Technical Tutorials | ENS: Add Multicurrency Support to Your Wallet

After the multi-currency support feature was announced on Devcon5, we soon implemented this feature on the ENS manager .

Many wallets also began to support this feature shortly.

Developers can read the latest implementation details by reading EIP , documentation, and our JavaScript address encoding library .

In this article, I will introduce our experience of integrating multi-currency support features into our own app, and provide other wallet developers with ideas and ideas.

Parser

Since this feature is brand new, many Ethereum libraries are not yet supported (currently ethers.js, go-ens, and ethreal support).

In order to interact directly with the parser contract, you download our contract via npm and import the following abi.

  import {abi} from
  '@ ensdomains / resolver / build / contracts / Resolver.json' 

First let's look at the difference between setting / getting an Ethereum address and other digital currency addresses.

  ## Get and set the Ethereum address function addr (bytes32 node);
 function setAddr (bytes32 node, address addr);  
 ## Get and set multi-currency address function addr (bytes32 node, uint coinType); 
 function setAddr (bytes32 node, uint coinType, bytes calldata a); 

The biggest difference is that both the getter and setter functions now have a coinType parameter. Please note that the parameter of the setAddr function is now bytes instead of address.

Address encoder

address-encoder is a js codec library that processes records stored in the ENS parser. It has two functions, including formatsByName and formatsByCoinType.

  import {formatsByName, formatsByCoinType} from '@ ensdomains / address-encoder';  
 formatsByName ['BTC'] 
 {coinType: 0, decoder: [Function], encoder: [Function], name: 'BTC'} 
 formatsByCoinType ['0'] 
 {coinType: 0, decoder: [Function], encoder: [Function], name: 'BTC'} 
 From now on, we only use formatsByName. 

Below we only use the formatsByName function.

Get a list of supported currencies

Maybe you want to access your list of supported currencies. If you want to directly access the tokens that we have implemented codecs, you should construct this currency list with the following code.

export const COIN_LIST = Object.keys (formatsByName)

Get address

Here is a super simplified version of our implementation of the getAddr function in our React component.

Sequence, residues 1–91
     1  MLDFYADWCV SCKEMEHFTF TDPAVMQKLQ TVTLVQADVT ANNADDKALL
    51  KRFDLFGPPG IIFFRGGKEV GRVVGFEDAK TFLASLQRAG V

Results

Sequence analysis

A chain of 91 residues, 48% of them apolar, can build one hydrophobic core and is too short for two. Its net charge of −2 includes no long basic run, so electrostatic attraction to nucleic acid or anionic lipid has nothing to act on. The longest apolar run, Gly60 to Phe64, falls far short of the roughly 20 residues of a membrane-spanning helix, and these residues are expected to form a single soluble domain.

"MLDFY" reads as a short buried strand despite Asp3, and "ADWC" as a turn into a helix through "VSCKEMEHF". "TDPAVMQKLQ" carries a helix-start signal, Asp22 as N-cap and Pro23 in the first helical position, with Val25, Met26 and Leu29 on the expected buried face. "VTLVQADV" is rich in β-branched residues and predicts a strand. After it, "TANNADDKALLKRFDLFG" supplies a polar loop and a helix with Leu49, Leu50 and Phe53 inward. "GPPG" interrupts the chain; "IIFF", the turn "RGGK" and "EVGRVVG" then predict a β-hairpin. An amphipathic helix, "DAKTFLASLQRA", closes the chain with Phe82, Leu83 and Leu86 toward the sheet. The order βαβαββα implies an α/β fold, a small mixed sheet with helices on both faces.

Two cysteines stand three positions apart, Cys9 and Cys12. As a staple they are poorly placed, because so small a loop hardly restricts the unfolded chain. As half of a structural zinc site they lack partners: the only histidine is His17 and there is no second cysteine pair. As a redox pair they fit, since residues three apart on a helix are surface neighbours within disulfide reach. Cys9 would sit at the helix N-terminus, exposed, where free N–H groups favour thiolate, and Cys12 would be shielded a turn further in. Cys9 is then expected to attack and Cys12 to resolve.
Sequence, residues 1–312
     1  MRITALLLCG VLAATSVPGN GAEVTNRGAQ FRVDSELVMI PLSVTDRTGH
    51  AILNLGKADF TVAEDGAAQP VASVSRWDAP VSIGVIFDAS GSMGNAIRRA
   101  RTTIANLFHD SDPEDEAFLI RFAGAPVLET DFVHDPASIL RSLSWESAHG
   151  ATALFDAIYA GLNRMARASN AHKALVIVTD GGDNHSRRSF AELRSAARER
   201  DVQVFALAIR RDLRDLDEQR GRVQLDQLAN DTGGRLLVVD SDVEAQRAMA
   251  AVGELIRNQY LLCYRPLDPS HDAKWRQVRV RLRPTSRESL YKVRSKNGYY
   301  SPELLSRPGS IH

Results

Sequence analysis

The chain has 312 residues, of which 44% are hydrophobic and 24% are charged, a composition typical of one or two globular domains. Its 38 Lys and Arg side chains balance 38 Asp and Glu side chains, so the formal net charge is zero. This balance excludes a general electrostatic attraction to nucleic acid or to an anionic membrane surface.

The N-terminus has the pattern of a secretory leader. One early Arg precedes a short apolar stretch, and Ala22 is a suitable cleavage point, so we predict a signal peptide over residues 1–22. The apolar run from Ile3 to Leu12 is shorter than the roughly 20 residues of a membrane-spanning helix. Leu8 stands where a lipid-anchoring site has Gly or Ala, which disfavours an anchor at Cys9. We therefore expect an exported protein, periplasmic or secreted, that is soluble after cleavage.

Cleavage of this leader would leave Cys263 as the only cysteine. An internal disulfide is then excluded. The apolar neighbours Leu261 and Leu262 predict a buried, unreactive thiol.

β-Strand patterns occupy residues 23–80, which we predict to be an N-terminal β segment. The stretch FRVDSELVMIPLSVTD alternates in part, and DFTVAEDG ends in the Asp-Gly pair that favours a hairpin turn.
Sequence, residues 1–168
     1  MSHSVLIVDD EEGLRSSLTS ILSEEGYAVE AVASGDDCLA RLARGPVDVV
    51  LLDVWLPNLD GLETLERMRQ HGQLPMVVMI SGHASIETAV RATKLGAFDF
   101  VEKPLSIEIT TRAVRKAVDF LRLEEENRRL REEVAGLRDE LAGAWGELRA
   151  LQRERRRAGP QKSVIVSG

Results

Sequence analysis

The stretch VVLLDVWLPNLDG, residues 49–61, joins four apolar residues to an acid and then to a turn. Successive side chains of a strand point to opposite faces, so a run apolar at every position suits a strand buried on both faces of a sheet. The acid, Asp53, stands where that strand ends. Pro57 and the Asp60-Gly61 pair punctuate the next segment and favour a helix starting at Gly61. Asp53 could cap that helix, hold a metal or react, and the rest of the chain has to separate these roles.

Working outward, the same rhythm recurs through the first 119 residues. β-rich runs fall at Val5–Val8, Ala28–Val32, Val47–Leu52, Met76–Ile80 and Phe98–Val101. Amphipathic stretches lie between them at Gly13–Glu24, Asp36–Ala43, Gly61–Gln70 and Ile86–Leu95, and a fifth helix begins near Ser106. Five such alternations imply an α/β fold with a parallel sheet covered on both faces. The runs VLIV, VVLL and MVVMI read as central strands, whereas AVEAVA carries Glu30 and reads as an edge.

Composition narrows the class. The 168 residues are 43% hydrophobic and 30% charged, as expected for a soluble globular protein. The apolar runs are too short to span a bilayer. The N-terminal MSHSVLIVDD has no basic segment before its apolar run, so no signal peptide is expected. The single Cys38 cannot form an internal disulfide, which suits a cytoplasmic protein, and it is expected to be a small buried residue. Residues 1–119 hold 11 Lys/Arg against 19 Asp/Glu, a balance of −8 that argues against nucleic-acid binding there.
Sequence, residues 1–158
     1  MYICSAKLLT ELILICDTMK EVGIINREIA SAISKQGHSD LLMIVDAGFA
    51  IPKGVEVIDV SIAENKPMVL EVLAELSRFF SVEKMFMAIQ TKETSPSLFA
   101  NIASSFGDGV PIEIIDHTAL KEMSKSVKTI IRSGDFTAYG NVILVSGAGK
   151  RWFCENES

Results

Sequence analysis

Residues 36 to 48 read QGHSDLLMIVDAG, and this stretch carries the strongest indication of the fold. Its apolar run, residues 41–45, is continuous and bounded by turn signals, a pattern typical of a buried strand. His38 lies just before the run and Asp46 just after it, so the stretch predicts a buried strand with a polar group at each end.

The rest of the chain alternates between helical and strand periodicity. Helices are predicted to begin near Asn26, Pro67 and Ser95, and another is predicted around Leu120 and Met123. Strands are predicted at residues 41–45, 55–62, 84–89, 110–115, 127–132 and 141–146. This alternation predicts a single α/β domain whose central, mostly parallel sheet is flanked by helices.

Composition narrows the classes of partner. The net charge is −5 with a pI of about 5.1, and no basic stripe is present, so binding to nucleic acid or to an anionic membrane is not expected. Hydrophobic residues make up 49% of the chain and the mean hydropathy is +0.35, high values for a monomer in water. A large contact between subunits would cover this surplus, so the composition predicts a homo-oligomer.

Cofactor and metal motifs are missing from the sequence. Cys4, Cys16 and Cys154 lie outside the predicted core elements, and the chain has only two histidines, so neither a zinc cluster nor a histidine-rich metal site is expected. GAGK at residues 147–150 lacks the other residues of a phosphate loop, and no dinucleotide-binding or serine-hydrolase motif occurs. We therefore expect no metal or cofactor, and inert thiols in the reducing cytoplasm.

With the first line of code, we get the coinType and encoder functions. Next, the coinType and namehash parameters will be used to obtain the specific address of a certain token from the Resolver contract.

The fourth line of code is to check whether the address is an empty address before passing it to the decoder, and if so, return directly. Because if an empty string is passed directly to the encoder, it is possible to throw certain token type errors.

The fifth line of code passes the binary representation of the address to the encoding function and displays the address as text.

Set address

Here is a simplified version of our setAddr function.

As we did in the getAddr function, when the address is empty, we return this result in advance without passing it to the decoder. The fifth line simply uses the binary representation of the empty string.

verification

It is critical to verify that the address conforms to the format of the corresponding currency.

If you pass an invalid text to the address-encoder library, you will throw an error.

In this example, we caught this error and showed it.

BCH Tips

Normally, if you decode and encode the same text, you will still get the same text. However, Bitcoin Cash's performance is not the same (for specific technical reasons, you can refer to the "CashAddr" in this EIP ). Bitcoin Cash will add a "bitcoincash" prefix to the returned text after encoding. The following example shows the raw text, the hexadecimal representation, and the canonical representation of the BCH encoding at query time (you can find it in the test case ).

to sum up

In this article, we walked through the process of implementing multi-currency support and introduced some details that need attention. In fact, this is very close to the original operation of setting / getting the address, except that one more coinType parameter is passed. Also, be extra careful with issues involving validation and empty strings.

As more and more libraries support multi-currency features, wallet developers will easily add this feature in the future.

(Finish)

Original link: https://medium.com/the-ethereum-name-service/how-to-integrate-ens-multi-coin-support-into-your-wallet-for-developers-8d3a8a37d1eb Author: makoto_inoue translation & proofreading : Anzai & Ajian